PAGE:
Ten years ago last month, we moved in to the Highrise. From a one bedroom flat in Elwood, to a two bedroom house in East Malvern, to a three bedroom house in Glen Iris, to a two bedroom unit in Burwood, to a two bedroom house in Balalcalava, to the Highrise. We have lived here longer than we have ever lived anywhere else.
R at times mentions how nice it would be to have an outside area, apart from the balcony. Somewhere he could potter in the garden, let a dog have a run. But essentially he likes living here. I was very reticent before we bought. I was not confident in my ability to adjust to living in a flat, but we chose well.
We had half looked at apartments in high rise building over the preceding years but I was never keen. While we made our last house quite satisfactory, it really needed the back end pulled out and rebuilt. While it was a Victorian workers cottage, it had been, and there is no better word for it, bastardised over the years. There was nothing original Victorian about it, except perhaps the stumps. We had renovated every place we had been in and we just did not have the stomach to do it all again.
As soon as saw the Highrise, I loved it. It was so clean, spacious, modern and with great views. We were just so sick of old. Even before Balaclava, we had ditched our antique decoration and furniture. We moved on to our modern and contemporary period and have not looked back. I may have a fantasy for one day having an Art Deco period, but I don't think it will happen.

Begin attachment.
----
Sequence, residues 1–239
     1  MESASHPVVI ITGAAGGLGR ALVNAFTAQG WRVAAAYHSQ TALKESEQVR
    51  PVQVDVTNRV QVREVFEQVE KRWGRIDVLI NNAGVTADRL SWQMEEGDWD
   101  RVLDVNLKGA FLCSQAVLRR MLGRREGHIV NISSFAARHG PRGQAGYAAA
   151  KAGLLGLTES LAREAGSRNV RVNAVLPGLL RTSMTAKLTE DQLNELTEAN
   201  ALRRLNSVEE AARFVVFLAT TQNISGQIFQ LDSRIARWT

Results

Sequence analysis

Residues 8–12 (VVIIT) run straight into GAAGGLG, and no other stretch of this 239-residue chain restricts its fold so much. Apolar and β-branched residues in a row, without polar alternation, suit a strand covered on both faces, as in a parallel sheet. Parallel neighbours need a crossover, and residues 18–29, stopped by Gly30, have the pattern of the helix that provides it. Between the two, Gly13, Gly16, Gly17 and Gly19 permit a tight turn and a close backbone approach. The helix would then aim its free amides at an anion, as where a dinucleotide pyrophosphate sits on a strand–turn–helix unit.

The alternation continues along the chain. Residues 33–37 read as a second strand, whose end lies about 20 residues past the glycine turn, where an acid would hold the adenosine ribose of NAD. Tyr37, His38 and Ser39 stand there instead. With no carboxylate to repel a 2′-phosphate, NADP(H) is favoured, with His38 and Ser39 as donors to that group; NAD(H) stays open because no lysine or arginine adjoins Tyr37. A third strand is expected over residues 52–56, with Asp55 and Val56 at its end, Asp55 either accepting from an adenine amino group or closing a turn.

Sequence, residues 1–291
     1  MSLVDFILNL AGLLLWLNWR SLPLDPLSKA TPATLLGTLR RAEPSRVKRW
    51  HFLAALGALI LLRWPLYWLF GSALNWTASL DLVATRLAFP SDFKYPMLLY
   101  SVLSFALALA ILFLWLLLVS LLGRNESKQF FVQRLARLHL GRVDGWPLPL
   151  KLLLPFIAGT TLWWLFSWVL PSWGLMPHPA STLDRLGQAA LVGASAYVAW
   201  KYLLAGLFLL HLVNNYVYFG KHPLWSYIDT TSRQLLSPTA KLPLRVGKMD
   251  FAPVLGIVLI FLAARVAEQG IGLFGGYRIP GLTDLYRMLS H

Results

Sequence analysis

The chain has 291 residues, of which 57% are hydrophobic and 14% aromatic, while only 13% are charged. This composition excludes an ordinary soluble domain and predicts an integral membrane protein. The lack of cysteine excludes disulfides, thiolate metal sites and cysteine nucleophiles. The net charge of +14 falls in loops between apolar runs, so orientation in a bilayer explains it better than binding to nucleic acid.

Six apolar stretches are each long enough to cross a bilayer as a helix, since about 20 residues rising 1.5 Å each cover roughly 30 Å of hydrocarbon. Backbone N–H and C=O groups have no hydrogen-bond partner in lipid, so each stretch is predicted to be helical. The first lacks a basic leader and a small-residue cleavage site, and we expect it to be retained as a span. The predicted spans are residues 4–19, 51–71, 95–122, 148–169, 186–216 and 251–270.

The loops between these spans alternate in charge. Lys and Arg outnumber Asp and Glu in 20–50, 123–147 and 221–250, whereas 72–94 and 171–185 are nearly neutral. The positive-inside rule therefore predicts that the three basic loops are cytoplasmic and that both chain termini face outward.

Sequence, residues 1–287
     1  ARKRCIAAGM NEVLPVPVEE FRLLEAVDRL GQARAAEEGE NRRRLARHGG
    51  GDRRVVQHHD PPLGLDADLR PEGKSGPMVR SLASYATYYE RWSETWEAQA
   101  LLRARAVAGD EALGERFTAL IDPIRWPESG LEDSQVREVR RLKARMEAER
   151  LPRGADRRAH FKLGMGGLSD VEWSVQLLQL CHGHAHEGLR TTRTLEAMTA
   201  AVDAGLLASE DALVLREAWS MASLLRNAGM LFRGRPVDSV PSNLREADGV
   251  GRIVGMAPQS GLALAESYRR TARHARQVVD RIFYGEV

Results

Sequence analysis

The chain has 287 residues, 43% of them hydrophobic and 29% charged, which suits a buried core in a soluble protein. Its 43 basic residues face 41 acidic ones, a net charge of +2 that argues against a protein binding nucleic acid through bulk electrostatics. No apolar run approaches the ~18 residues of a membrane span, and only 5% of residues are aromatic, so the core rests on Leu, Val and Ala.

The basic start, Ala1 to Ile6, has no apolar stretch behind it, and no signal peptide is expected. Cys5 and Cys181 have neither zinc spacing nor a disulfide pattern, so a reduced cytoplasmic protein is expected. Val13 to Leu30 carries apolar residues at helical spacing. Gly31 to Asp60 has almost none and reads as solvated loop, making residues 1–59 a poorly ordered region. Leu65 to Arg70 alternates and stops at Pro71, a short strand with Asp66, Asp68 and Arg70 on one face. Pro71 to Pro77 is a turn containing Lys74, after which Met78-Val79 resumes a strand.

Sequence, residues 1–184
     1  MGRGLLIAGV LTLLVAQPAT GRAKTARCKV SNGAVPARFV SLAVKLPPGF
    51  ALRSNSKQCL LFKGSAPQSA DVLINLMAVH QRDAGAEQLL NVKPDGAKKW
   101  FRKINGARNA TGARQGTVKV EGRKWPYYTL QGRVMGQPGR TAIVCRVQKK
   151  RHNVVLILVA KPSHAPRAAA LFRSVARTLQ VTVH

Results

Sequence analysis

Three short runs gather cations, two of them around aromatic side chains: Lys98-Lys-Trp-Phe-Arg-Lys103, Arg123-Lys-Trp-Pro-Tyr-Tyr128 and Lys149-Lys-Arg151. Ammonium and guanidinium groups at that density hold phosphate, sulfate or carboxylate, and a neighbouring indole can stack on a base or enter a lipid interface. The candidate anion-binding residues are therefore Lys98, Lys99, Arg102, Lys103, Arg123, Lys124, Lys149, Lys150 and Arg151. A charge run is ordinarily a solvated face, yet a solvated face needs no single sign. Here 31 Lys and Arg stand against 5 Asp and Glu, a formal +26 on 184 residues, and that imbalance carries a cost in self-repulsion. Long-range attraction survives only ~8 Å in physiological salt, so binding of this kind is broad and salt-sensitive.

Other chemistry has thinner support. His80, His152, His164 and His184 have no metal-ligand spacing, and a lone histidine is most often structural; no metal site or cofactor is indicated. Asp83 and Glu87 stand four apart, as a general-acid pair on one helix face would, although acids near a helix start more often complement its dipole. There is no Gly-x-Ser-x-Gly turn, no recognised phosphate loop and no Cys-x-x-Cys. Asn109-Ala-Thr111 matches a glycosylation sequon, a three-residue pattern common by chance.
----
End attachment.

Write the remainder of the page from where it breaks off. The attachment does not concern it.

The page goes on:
When I am not working, my car just sits in its parking space, unused. I don't need it unless I have to go to see family, who live in all directions of the compass. When R is not working, he doesn't use his car either. I can see no reason to own a car when we no longer work. We can easily rent one or use a Flexi Car, or taxis, should we need car transport. Trams, buses and trains suit us very well.
If you might think where we live was a wise investment, it was not. It is our home. It is not to make money. In fact the more its price rises, the more council rates we pay. I never get the glee of people when they say much the house where they live is worth. Maybe the beneficiaries in their will should be gleeful, but short of a reverse mortgage, you can't eat your bricks, concrete panels or weatherboards. (Dina and JayLa, do you know what weatherboards are?)
So ten years later, I just love living here. I suppose in a way I am lucky, but this is all I have to show for years of working a crap job which I hate about half the time. All I care about is that we can always afford to live here at our current standard. We can at this moment, hope to be able to in the future and one day it might be, I can, or R can.